effective communication.

    This research is expected to generate new knowledge relating to KMS in the

    Australian construction industry. The findings of this research apply most

    pertinently to CVEng who sponsor this research, but other firms may find the

    findings relevant to their circumstances. Notwithstanding, the list of CSFs for KMS

    implementation is expected to be applicable to a wide range of stakeholders within

    the construction industry.

  • iv

    TABLE OF CONTENTS

    KEYWORDS I

    ABSTRACT II

    TABLE OF CONTENTS IV

    LIST OF FIGURES VII

    LIST OF TABLES VIII

    LIST OF ABBREVIATIONS IX

    STATEMENT OF ORIGINAL AUTHORSHIP X

    ACKNOWLEDGEMENTS XI

    1. INTRODUCTION 1

    1.1 BACKGROUND OF RESEARCH 2

    1.2 RESEARCH PROBLEM 3

    1.3 DESIGN OF THE PROPOSED RESEARCH 3

    1.3.1. Stage 1: Literature review 3

    1.3.2. Stage 2: Validation of critical success factors model 4

    1.3.3. Stage 3: KM gap analysis at CVEng and recommendations 5

    1.3.4. Stage 4: Results and conclusions 5

    2. LITERATURE REVIEW 7

    2.1 INNOVATION 7

    2.2 KNOWLEDGE BASED FIRMS 9

    2.3 INNOVATION IN KBF KNOWLEDGE MANAGEMENT 11

    2.4 TACIT AND EXPLICIT KNOWLEDGE 13

    2.5 KNOWLEDGE MANAGEMENT SYSTEMS 16

    2.6 CRITICAL SUCCESS FACTORS 19

    2.7 CSF HYPOTHESIS QUESTIONS 21

    H1: Is management support a CSF for KM/KMS implementation in a KBF? 24

    H2: Is KM strategy a CSF for KM/KMS implementation in a KBF? 25

    H3: Is performance metrics a CSF for KM/KMS implementation in a KBF? 26

    H4: Is organisational infrastructure a CSF for KM/KMS implementation in a KBF? 26

    H5: Is employee motivation a CSF for KM/KMS implementation in a KBF? 27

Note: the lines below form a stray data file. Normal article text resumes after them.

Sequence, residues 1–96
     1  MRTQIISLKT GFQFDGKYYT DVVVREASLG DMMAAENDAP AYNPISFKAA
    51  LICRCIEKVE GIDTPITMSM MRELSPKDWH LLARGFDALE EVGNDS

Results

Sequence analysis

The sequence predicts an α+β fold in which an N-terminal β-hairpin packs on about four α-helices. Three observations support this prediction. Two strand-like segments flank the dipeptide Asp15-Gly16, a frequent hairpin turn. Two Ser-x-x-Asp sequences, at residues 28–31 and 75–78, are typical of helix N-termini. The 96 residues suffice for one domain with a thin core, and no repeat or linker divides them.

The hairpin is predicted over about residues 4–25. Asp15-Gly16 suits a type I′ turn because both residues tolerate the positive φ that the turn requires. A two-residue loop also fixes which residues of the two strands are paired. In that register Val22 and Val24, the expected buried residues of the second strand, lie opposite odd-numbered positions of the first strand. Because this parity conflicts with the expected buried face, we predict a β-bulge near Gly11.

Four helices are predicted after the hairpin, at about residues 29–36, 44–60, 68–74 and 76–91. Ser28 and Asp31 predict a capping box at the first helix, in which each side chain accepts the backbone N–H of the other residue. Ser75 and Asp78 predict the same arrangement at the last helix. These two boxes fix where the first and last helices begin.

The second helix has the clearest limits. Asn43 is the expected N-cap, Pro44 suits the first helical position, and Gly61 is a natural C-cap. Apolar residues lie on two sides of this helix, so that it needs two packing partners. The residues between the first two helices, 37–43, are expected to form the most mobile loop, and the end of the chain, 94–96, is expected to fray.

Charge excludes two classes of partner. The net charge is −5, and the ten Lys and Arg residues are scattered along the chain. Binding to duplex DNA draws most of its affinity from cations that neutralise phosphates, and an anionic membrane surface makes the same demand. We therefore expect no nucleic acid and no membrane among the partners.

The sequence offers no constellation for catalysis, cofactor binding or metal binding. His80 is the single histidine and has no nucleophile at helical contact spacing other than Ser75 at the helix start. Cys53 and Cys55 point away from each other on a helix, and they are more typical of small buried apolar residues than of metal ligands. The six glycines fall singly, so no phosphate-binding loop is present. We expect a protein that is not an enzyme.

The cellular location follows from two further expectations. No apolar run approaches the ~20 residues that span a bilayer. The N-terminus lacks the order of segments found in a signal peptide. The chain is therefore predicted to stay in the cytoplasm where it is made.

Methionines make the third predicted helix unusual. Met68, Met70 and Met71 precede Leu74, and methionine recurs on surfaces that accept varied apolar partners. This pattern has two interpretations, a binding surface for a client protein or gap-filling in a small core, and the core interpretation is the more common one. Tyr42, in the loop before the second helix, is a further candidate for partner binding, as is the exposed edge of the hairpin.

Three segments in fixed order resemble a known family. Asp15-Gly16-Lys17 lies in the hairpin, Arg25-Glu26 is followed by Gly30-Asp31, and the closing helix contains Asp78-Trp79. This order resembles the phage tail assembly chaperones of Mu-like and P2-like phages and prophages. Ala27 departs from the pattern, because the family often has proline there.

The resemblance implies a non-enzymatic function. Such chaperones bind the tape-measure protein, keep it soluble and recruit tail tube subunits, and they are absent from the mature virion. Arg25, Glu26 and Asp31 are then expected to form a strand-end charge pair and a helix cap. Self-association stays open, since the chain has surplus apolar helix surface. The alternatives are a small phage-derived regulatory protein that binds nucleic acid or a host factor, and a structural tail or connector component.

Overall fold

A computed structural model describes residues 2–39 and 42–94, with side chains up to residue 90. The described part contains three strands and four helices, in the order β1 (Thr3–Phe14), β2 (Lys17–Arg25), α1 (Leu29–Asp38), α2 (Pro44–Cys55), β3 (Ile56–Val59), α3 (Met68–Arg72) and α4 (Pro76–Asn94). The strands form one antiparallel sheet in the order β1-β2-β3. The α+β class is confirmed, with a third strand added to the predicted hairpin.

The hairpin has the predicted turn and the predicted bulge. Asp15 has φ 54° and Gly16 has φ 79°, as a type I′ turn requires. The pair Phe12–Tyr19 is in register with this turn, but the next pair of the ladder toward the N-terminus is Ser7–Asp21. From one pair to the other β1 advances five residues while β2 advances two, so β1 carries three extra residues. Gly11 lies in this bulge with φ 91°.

H6: Is knowledge-sharing culture a CSF for KM/KMS implementation in a KBF? 28

    H7: Is the availability of resources a CSF for KM/KMS implementation in a KBF? 29

  • v

    2.8 CONTINGENCY FACTORS 30

    2.9 CRITICAL SUCCESS FACTORS MODEL 31

    3. VALIDATION OF THE CSF MODEL 33

    3.1. DELPHI METHOD 33

    3.2 CSF RESEARCH DESIGN 36

    3.2.1. Expert selection 37

    3.2.2. Delphi Questionnaire Rounds 37

    3.2.3. Pilot study 39

    3.3 DELPHI STUDY 39

    3.3.1. Delphi Round 1 39

    3.3.2. Delphi Round 2 43

    3.3.3. Delphi Round 3 46

    3.3.4. Delphi Study Conclusions 50

    3.3.5. Delphi Study Limitations 52

    4. KM GAP ANALYSIS 53

    4.1. ORGANISATIONAL STUDY OF CVENG 53

    4.1.1. Brief overview of CVEng 53

    4.1.2. Data Collection Methodology 54

    4.2. CVENG ORGANISATIONAL PROFILE 55

    4.2.1. Management Support 55

    4.2.2. Culture 59

    4.2.3. Quality of KMS 61

    4.2.4. KM Strategy 62

    4.2.5. Resources 64

    4.2.6. Develop KM Infrastructure 66

    4.2.7. Employee Motivation and Buy-In 67

    4.2.8. Performance Metrics 69

    4.3. GAP STUDY RECOMMENDATIONS 70

    5. CONCLUSION 72

    6. REFERENCES 75

    APPENDIX A ETHICS PARTICIPATION CONSENT FORMS 82

    APPENDIX B DELPHI EMAIL INVITATION 85

  • vi

    APPENDIX C DELPHI QUESTIONNAIRE TEMPLATES 87

  • vii

    LIST OF FIGURES

    Figure 1 - Research methodology 6